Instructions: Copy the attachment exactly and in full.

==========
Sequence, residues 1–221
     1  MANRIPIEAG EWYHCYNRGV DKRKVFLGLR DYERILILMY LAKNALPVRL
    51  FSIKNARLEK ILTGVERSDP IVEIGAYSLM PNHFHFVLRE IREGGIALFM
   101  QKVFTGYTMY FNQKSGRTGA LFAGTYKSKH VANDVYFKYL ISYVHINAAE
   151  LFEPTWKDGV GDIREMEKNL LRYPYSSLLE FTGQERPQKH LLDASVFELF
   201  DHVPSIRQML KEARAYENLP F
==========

Sequence, residues 1–221
     1  MANRIPIEAG EWYHCYNRGV DKRKVFLGLR DYERILILMY LAKNALPVRL
    51  FSIKNARLEK ILTGVERSDP IVEIGAYSLM PNHFHFVLRE IREGGIALFM
   101  QKVFTGYTMY FNQKSGRTGA LFAGTYKSKH VANDVYFKYL ISYVHINAAE
   151  LFEPTWKDGV GDIREMEKNL LRYPYSSLLE FTGQERPQKH LLDASVFELF
   201  DHVPSIRQML KEARAYENLP F